Rediff Logo Movies McDowell Banner Find/Feedback/Site Index
January 18, 1999


Western Union Money Transfer

Send this story to a friend

One Hundred Years of Solitude

Rajeev Sreenivasan

Sergei Eisenstein
The Hyderabad iteration of the International Film Festival of India got underway on January 10th with fanfare and some controversy. It is worthwhile to take a look at what art cinema has wrought in the last century. Interestingly, cinema's century is bracketed by the births and deaths, respectively, of two of greatest filmmakers of all time: Sergei Eisenstein and Akira Kurosawa.

The reason it is one hundred years of solitude is that great cinema is paradoxical: although it is by far the most complex of the arts, requiring a cast of literally hundreds of technical and creative personnel, it is the solitary vision of a single person that drives the entire thing. And this person, the director, has to be part general, part evangelist, part mendicant; in short, a holy madman (or woman).

The Soviet master Sergei Eisenstein was born in 1898; the Japanese master Akira Kurosawa passed away in 1998. In these one hundred years, in my humble, biased and entirely personal opinion, these two, along with Satyajit Ray, Federico Fellini, Francois Truffaut, Luis Bunuel, Stanley Kubrick, and Ingmar Bergman, raised cinema to be quite simply the greatest art form of all time.

Satyajit Ray
The absence of the likes of Steven Spielberg or a Francis Ford Coppola in the above list is not accidental. For, most of these Hollywood directors are not artists, but great entertainers. Nothing wrong in that, but the difference between art cinema and good, clean entertainment is the same as the difference between the New Wave of a Satyajit Ray, an Aravindan, a Shyam Benegal, and the well-made hits of Bollywood titans.

As was said in an entirely different context, "C'est magnifique, mais ce n'est pas la guerre" ("It is magnificent, but it isn't war") what Hollywood directors make is magnificent spectacle, but it ain't art. Even when they are most earnest (as in Spielberg's "Saving Private Ryan"), their work is predicated on what will be popular. Market research dictates how a film might end, for example. Not too depressing an ending: bad for the box-office.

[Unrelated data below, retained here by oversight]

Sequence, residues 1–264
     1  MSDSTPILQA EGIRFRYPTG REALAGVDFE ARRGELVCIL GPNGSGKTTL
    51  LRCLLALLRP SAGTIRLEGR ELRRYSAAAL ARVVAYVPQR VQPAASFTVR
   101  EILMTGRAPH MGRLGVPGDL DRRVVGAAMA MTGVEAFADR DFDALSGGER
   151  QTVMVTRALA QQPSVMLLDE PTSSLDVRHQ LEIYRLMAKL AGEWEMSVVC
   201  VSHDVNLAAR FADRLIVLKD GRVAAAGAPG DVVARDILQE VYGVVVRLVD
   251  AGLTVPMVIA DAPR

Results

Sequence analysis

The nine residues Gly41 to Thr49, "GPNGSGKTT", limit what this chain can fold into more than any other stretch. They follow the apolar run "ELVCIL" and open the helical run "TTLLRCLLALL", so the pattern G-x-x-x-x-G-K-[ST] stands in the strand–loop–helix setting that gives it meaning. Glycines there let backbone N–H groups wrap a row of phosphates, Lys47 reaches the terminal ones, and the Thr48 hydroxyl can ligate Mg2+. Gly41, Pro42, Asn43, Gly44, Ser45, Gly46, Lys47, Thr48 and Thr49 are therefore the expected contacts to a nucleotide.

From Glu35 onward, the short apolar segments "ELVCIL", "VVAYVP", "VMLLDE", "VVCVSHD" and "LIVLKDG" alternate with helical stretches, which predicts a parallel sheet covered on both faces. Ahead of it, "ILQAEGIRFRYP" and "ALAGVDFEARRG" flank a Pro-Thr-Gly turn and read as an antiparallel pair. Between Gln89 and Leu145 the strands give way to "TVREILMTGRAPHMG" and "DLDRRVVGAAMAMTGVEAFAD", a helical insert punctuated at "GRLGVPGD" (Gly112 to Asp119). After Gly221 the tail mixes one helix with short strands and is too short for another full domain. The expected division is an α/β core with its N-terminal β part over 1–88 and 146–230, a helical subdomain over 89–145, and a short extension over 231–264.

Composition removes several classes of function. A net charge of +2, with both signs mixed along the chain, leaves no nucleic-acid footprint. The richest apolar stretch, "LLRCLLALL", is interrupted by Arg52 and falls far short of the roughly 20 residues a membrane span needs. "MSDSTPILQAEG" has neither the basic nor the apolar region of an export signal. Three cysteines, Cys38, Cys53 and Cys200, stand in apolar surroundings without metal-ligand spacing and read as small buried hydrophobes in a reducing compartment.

The American Film Institute recently published a list of their choice top 100 American films ever made, and predictably, Citizen Kane is number one. While I do like Citizen Kane, I think it is vastly over-rated; no doubt, Orson Welles was a very clever man and Citizen Kane is a tremendous film, but his work doesn't rise to the level of absolute genius, which, for instance Eisenstein's Battleship Potemkin reaches. For my money, this is the greatest film ever made.

Akira Kurosawa
What I find as a common thread in the works of Eisenstein and Kurosawa (and indeed in the works of all the great directors I mentioned above) is the absolute refusal to make compromises. They had very complete visions of what they wished to accomplish; and they celebrated their unique native cultures in ways that made their work far more appealing than the homogenised pabulum churned out by the Hollywoods and Bollywoods. Vive la difference!

All the more fascinating is Eisenstein's work because he was a true-blue Communist and frequently a propagandist to boot. The Battleship Potemkin, in fact, is film as polemic, for it recounts the stirring, fictionalised story of how the Russian revolution got its start from a naval revolt on this battleship anchored off the port city of Odessa. It is accepted by all the best authorities that propagandists make poor artists, but apparently they forgot to tell Eisenstein.

A still from Battleship Potemkin
I remember cutting classes to sneak off to the Soviet consulate in Madras years ago with my erudite friend Rajeevan Kattil, and being absolutely entranced watching a retrospective of Eisenstein's masterworks: Battleship Potemkin, Alexander Nevsky and Ivan the Terrible. It opened up whole new worlds to us -- and allowed us to gain vague glimmerings into the syntax and semantics of this great new art.

Eisenstein did more than make polemical film: he invented a whole new element in the semantics of cinema and in the arsenal of the filmmaker -- the theory of montage. Montage was revolutionary at the time of its introduction, roughly equivalent to the impact that Picasso's Guernica had on contemporary art.

Eisenstein had the idea that by rearranging time and space, as it were, through the technique of juxtaposing images via rapid editing, one could create entirely new meanings, or epiphanies, in the minds of the viewer -- these do not have to be explicitly shown in images. This may have some similarity to the concept of rasa in Sanskrit poetics.

A still from Citizen Kane
Anyway, at one stroke, Eisenstein had destroyed the notion that film was a poor cousin of the theatre -- here was something that could never be achieved on stage.

As viewers, we have become accustomed to montage now, both in film and on television; but Battleship Potemkin had the impact of a bombshell when it first appeared on the scene. Even today, watching the Odessa Ballet sequence, where a peaceful crowd is charged and massacred on the steps leading to the waterfront, it hits you with the impact of a sledge-hammer. It is, rightfully, considered the single most memorable sequence in all of cinema.